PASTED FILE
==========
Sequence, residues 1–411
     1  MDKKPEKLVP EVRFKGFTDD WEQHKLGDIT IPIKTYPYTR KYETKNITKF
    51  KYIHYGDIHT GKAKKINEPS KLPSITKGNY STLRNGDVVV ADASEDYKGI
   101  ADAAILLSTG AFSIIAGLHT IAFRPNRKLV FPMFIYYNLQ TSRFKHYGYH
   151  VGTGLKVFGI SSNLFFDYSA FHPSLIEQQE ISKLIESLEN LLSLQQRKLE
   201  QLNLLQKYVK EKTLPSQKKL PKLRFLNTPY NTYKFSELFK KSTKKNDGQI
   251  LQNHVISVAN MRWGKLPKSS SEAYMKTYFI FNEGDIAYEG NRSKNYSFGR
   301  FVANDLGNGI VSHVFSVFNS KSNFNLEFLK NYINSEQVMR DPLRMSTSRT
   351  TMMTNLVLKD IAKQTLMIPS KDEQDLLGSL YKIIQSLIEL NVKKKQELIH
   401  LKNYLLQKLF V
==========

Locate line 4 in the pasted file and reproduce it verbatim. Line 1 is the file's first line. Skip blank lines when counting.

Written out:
   101  ADAAILLSTG AFSIIAGLHT IAFRPNRKLV FPMFIYYNLQ TSRFKHYGYH